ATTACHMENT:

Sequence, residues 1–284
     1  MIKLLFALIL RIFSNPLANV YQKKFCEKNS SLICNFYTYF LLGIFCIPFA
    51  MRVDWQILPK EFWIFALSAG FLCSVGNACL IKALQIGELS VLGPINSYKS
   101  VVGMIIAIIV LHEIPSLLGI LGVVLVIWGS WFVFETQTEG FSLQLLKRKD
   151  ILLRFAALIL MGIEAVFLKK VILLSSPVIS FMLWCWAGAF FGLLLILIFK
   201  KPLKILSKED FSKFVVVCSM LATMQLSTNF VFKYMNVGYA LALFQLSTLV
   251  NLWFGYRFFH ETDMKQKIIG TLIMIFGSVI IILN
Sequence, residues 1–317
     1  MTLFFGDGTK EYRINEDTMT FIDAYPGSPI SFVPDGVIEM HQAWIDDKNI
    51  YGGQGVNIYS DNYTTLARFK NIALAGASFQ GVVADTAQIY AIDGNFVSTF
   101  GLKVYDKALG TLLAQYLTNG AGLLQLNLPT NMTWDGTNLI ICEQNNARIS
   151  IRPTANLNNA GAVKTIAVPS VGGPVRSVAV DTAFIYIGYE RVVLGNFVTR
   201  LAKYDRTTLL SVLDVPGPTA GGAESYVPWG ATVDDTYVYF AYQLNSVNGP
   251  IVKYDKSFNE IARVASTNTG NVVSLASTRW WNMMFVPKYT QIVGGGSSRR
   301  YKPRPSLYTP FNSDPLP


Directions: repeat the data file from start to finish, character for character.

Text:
Sequence, residues 1–284
     1  MIKLLFALIL RIFSNPLANV YQKKFCEKNS SLICNFYTYF LLGIFCIPFA
    51  MRVDWQILPK EFWIFALSAG FLCSVGNACL IKALQIGELS VLGPINSYKS
   101  VVGMIIAIIV LHEIPSLLGI LGVVLVIWGS WFVFETQTEG FSLQLLKRKD
   151  ILLRFAALIL MGIEAVFLKK VILLSSPVIS FMLWCWAGAF FGLLLILIFK
   201  KPLKILSKED FSKFVVVCSM LATMQLSTNF VFKYMNVGYA LALFQLSTLV
   251  NLWFGYRFFH ETDMKQKIIG TLIMIFGSVI IILN
Sequence, residues 1–317
     1  MTLFFGDGTK EYRINEDTMT FIDAYPGSPI SFVPDGVIEM HQAWIDDKNI
    51  YGGQGVNIYS DNYTTLARFK NIALAGASFQ GVVADTAQIY AIDGNFVSTF
   101  GLKVYDKALG TLLAQYLTNG AGLLQLNLPT NMTWDGTNLI ICEQNNARIS
   151  IRPTANLNNA GAVKTIAVPS VGGPVRSVAV DTAFIYIGYE RVVLGNFVTR
   201  LAKYDRTTLL SVLDVPGPTA GGAESYVPWG ATVDDTYVYF AYQLNSVNGP
   251  IVKYDKSFNE IARVASTNTG NVVSLASTRW WNMMFVPKYT QIVGGGSSRR
   301  YKPRPSLYTP FNSDPLP